Posted on the 29th January 2013

Mike visits KZN, Zululand and Pondoland

This trip was planned for me to pick up on specials that eluded me a year ago when I was up here and with using Malcolm Gemmell (Button Birding) as my guide again we were going to get to grips with some Palearctic Migrants.

Day 1 – 7th January

My flight from Cape Town got me into Durban at 3.30pm and having met up with Malcolm we headed for Durban Container Terminal (Bayhead) as it would be low water and a chance to see some waders. We couldn’t find the Heritage Site for love nor money despite GPS so we made do with some mudflats near the Yacht Club. Plenty of birds there including Pink-backed Pelican and Goliath Heron. We did eventually find the Heritage Site at Bayhead but what a mission. Sitting in the heart of the Container Terminal we always seemed to be on the wrong road or being harassed by trucks. It is a short walk from the car park to the shore, past the bird hide that has fallen into disrepair. There were plenty of Bronze Mannikins in the long grass and White-throated Swallows in the air.

The shore offers good viewing of the mud flats at low water. Common Ringed Plovers, Grey-headed Gulls, Common Greenshanks, a lone African Fish-Eagle plus some Ruddy Turnstones. Back here tomorrow at dawn now we know where it is.

 Black-chested Snake-Eagle


Red-capped Robin-Chat








 Day 2 - 8 January

The Docklands Hotel is conveniently placed for the Port of Durban and we were down at the Heritage Site by 0600. Shore birds were plentiful with Whimbrel, Terek Sandpiper (Lifer), Ruff, Curlew Sandpiper, Lesser Black-backed Gull (Lifer) and White-fronted Plover. The grassland from the car-park to the shore offered Thick-billed and Spectacled Weaver, Rattling Cisticola, Yellow-billed Kites and Speckled Mousebird. We managed to catch a Peregrine Falcon feasting on a Feral Pigeon atop a silo on our way back for breakfast before setting off for Eshowe. Our journey to Eshowe took us via Umlalazi Nature Reserve where White-backed Night Heron had been reported. A drive around the reserve gave us Osprey, Black-chested Snake-Eagle, Great White Pelican, Yellow-bellied Greenbul and Black-crowned Night Heron. We stayed on at the reserve until dark trying for WBN Heron but no luck. We stayed overnight at Birds of Paradise B & B (Birder Friendly Establishment).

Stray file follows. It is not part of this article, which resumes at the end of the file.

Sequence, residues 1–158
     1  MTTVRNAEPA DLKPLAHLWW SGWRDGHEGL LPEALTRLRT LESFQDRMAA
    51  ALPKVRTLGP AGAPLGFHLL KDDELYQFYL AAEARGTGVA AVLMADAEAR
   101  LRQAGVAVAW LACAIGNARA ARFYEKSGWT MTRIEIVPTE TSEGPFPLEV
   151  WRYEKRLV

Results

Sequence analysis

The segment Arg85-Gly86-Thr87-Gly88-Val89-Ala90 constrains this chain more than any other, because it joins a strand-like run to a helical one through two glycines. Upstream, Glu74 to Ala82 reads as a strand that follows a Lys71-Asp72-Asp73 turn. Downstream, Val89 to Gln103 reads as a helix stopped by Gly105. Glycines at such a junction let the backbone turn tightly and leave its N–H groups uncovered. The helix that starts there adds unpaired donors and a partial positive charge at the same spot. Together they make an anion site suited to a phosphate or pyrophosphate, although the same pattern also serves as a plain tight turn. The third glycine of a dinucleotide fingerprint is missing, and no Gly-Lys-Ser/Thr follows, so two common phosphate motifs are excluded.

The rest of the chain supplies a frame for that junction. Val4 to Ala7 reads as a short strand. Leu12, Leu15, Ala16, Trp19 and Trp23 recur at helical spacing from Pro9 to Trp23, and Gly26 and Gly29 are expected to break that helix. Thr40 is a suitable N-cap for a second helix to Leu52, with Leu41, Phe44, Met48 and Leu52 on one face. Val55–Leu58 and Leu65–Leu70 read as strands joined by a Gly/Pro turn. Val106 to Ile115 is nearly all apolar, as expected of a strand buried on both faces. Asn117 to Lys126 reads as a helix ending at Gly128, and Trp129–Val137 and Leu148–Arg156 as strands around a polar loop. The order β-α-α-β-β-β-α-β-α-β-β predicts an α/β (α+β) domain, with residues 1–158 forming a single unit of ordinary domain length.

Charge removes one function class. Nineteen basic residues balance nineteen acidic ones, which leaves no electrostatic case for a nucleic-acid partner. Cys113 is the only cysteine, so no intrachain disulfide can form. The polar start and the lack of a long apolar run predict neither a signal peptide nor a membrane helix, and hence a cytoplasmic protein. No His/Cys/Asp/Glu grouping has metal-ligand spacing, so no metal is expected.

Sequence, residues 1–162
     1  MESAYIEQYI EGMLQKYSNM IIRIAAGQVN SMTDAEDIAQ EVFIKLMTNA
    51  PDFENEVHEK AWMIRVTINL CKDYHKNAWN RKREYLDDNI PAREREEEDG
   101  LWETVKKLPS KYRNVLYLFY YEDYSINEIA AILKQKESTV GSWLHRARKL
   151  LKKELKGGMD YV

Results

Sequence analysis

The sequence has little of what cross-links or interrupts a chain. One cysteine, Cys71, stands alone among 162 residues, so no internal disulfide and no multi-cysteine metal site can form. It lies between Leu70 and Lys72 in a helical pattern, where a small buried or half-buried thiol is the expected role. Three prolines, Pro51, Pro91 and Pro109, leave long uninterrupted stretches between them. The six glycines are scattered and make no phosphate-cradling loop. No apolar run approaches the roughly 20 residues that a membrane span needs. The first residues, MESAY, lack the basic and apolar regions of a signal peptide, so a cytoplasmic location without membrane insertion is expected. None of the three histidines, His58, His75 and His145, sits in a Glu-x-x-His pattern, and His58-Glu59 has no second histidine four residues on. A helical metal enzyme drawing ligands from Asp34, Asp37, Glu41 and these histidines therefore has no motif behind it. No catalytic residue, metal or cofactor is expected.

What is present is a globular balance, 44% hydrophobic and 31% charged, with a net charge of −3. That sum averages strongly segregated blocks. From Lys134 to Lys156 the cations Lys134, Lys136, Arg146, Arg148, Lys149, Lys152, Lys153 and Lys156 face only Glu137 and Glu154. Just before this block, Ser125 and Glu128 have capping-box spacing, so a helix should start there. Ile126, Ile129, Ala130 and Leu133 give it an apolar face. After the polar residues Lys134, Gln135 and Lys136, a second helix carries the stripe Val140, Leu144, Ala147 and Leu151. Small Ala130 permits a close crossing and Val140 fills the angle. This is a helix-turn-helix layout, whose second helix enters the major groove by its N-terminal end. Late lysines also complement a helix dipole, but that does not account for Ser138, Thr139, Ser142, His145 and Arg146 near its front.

Day 3 – 9th January

Up at 5.00am ready for the next leg. Birds of Paradise B & B is a haven for birds. Whilst enjoying a coffee overlooking the garden we can hear Knysna Turaco, Yellow-fronted Tinkerbird, Tambourine and Lemon Dove, Bar-throated Apalis, Terrestial Brownbul, Red-capped Robin-Chat and Buff-spotted Flufftail. Grey Sunbird, Crested Barbet, Trumpeter Hornbill, Cape White-eye and Sombre Greenbul call from the trees.

We head out to Dlinza Forest at 6.00am to meet up with Sakhamuzi Mhlongo, our local guide trained by BLSA but now free-lance. Sakhamuzi will take us to his secret sites where we will get many specials.

Entumeni and Ngoye Forests are sites to visit – Chorister Robin-Chat, Olive Bush Shrike, Eastern Bronze-naped Pigeon, Grey Cuckoo-Shrike and Emerald Cuckoo. The sites require some difficult walking up and downhill through scrub and thickets but when you can get birds like Brown Scrub- Robin (with a chick for us), Green Barbet, Yellow-streaked Greenbul (Lifer) and Olive Woodpecker they are worth the visit. You will never find them without a guide.

Blue-cheeked Bee-eater


Livingstone's Turaco








 Sakhamuzi also took us to a small village where House Crow (Lifer) still lives. There is a Birdwatchers Camp on the far side of the Ngoye Forest and here we found Striped Pipit (Lifer). Returning to Umlalazi NR and heading into a corner near the Garden Centre we were looking for Green Twinspot (Lifer). Despite the heat Sakhamuzi was determined to find the bird. It wasn’t in its usual thicket but in the Pine Forest, a pair feeding with Cape White-eyes.

The White-backed Night-Heron was still high on the hit list but Umlalazi NR seemed a non-starter. Sakhamuzi phoned Junior who guides at Amatikulu NR. He had seen WBNH (Lifer) a few days previously on the opposite side of the reserve in grazing land. We hired a boat and paddled across, looking into the trees at the tiny creek to check if it was roosting there. No sign, so we ventured deeper into the grazing land and heavy reeds. A call, seemed close. We trudged through water/mud and reeds hoping for a flush. Nothing. Malcolm and Sakhamuzi went farther in whilst Junior and myself found a little vantage point and then they worked towards us. They flushed a female, nesting in a Powder-Puff tree and that was sitting on 1 egg. We got a good view of the bird before it settled back in the reeds in an area we couldn’t get to. The bird’s location was placed on SABirdNet and hopefully some work for the guides will come from that. Amatikulu NR is well worth a visit. We also saw Purple Heron, Orange-throated Longclaw and Willow Warbler. Our day done we headed for Richard’s Bay, dropping Sakhamuzi off near Empengeni. He would join us at 6.30am the next day.

Day 4 – 10th January

Despite our best efforts to get access to Richard’s Bay Port, even trying BLSA to put some pressure on PortNet, they refused a permit (and will be doing so for the foreseeable future) for Southern Sanctuary, the best spot in Richard’s Bay. Still, there was The Casuarinas area which offers good access to shore birds. The dirt road down revealed Osprey, White-eared Barbet, Blue-cheeked Bee-eater, Red-backed Shrike and Long-crested Eagle. The mudflats were disappointing with only Sandwich Tern and Grey Plover as new birds. Thula Pan is now totally polluted from the Wood-chip Factory and is not worth a visit. Richard’s Bay only has 2 birding spots, one is off-limits and the other polluted.